AASA Names ‘Lighthouse’ School Systems to Serve as Models to Help Transform Education, and the West Valley School District is One of Them
Moving toward creating a holistic redesign of our nation’s schools, AASA, The School Superintendents Association, in partnership with the Successful Practices Network, announced today that 13 school districts have been recognized as “Lighthouse” systems that will serve as models of positive change in public education.
The selected designates are members of AASA’s Learning 2025 Network, a cadre of more than 120 demonstration systems representing forward-leaning, urban, suburban and rural school districts engaged in learning, networking and working together to help drive education policy and ultimately improve student learning.
The goal of the Network, which was created by the AASA National Commission on Student-Centered, Equity-Focused Education, is to guide Learning 2025 leaders as they chart their progress toward “Lighthouse” designation in one or more areas of growth. The commission called for identification of exemplary educational systems to serve as beacons of light in key areas of holistic redesign of American education.
“Our ‘Lighthouse’ systems are serving as thought-leader practitioners that are implementing bold, actionable steps on behalf of the broader education community to learn from and learn with as they have taken on the challenge of Learning 2025,” said Daniel A. Domenech, executive director, AASA. “As we emerge from the pandemic, it is critical to invoke future-focused best practices for the well-being, self-sufficiency and success of our young learners. I congratulate these districts, as well as all of the school districts associated with the Learning 2025 Network.”
The AASA Learning 2025 Lighthouse Systems are:
- Baldwin Union Free School District, Baldwin, N.Y.
Superintendent: Shari Camhi
- Buckeye Elementary School District, Buckeye Ariz.
Superintendent: Kristi Wilson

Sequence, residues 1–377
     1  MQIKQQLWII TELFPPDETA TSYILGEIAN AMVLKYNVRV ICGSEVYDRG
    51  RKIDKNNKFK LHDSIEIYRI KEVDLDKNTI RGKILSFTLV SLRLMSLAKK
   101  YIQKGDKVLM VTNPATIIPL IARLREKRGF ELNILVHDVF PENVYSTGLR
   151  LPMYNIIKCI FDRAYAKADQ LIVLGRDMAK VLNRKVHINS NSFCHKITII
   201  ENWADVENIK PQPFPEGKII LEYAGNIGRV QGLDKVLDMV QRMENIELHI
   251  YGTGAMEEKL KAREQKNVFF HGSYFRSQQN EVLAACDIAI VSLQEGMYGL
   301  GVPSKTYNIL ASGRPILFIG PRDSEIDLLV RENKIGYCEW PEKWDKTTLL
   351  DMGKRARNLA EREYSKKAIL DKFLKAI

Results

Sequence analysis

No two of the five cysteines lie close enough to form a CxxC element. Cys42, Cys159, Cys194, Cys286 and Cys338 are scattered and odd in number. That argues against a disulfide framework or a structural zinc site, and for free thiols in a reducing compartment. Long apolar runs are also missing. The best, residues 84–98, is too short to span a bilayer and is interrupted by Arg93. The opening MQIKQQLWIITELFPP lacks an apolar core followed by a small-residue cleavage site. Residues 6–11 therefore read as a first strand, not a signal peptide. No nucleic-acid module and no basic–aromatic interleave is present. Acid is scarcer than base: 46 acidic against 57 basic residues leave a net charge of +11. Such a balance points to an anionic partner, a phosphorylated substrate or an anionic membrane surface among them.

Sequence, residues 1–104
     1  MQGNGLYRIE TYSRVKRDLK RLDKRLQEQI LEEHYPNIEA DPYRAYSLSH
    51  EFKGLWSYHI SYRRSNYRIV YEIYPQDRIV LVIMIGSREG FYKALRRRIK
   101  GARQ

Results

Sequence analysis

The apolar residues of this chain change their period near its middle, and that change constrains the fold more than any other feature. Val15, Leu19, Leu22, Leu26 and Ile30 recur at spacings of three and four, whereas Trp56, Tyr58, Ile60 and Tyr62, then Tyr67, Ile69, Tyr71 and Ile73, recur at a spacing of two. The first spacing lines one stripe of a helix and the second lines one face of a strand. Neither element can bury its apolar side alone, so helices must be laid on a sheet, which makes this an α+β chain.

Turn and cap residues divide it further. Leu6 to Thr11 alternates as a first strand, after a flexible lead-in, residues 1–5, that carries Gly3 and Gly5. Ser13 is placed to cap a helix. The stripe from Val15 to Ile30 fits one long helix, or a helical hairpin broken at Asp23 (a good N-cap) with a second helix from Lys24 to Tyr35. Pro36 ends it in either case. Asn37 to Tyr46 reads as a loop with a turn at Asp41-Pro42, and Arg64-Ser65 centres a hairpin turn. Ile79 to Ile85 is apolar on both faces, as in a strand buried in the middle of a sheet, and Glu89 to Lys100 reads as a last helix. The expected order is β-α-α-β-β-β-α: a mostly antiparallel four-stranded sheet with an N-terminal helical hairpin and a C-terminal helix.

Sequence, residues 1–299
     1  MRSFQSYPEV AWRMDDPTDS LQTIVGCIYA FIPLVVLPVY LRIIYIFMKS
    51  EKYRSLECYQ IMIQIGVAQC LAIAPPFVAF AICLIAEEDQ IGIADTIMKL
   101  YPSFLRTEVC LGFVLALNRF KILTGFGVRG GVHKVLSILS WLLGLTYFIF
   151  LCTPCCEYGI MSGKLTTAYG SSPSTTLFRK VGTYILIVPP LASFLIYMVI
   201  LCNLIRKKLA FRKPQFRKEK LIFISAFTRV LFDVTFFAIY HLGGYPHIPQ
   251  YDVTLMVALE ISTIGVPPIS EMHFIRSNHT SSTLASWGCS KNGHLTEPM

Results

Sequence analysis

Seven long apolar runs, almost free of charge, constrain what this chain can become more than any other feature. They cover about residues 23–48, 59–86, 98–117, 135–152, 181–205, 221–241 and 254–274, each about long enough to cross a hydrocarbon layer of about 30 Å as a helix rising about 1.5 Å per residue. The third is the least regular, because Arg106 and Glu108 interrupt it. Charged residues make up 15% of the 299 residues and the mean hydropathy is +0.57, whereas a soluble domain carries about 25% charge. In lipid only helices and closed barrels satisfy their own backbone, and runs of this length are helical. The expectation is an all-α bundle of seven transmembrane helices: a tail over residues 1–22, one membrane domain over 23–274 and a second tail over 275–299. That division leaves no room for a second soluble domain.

- Coxsackie-Athens Central School District, Coxsackie, N.Y.
Superintendent: Randy Squier
- Elizabeth Forward School District, Elizabeth, Pa.
Superintendent: Todd Keruskin
- Ephrata Area School District, Ephrata, Pa.
Superintendent: Brian Troop
- Harvard Community Unit School District 50, Harvard, Ill.
Superintendent: Corey Tafoya
- High School District 214, Arlington Heights, Ill.
Superintendent: David Schuler
- Linton-Stockton School Corporation, Linton, Ind.
Superintendent: Kathy Goad
- Naperville Community Unit School District 203, Naperville, Ill.
Superintendent: Dan Bridges
- Val Verde Unified School District, Perris, Calif.
Superintendent: Michael McCormick
- Washougal School District, Washougal, Wash.
Superintendent: Mary Templeton
- West Allegheny School District, Imperial, Pa.
Superintendent: Jerri Lynn Lippert
- West Valley School District 208, Yakima, Wash.
Superintendent: Peter Finch
A review panel comprised of independent education leaders from across the country evaluated applications submitted during the first three months of 2022. Districts were reviewed based on strategies and recommendations developed by the commission. Redesign component indicators included:
- Social, Emotional and Cognitive Growth
- Future-Ready Learners
- Cognitive Growth Model
- Learners as Co-authors
- Accelerator A1: Diverse Educator Pipeline
- Accelerator A2: Early Learning
- Accelerator A3: Technology Enhanced Learning
- Accelerator A4: Community Alignment
“While no school district is anticipated to be exemplary in all components of the AASA Learning 2025 redesign, the goal of the educational system reflection profile is to guide Learning 2025 leaders and staff,” said Bill Daggett, founder of the Successful Practices Network and co-chair of the commission. “System improvement is viewed as a continuum of planning, developing, implementing and evaluating practices, and moving a system to where it strives to grow to benefit the children it serves.”
“It is gratifying to know that we will be able to take action together as we look at some of the country’s remarkable school systems embracing the challenge of Learning 2025,” said Mort Sherman, associate executive director, AASA and co-chair of the commission. “The opportunity to learn from colleagues, or ‘critical friends,’ across the country should be inspirational for the school systems participating in a process that provides endless opportunities to reflect on the majesty of the work that is happening right now in our school communities.”
The profile is meant to guide superintendents and their teams as they consider progress toward their growth. AASA and SPN will provide feedback on behalf of selected districts’ progress and efforts for system redesign.
Educators are encouraged to access An American Imperative: A New Vision of Public Schools, prepared and issued by the commission in 2021. The report articulates AASA’s vision, which is intended to serve as a guardrail for specific change, while also empowering districts and schools to tailor plans to the needs of their leaders and learners.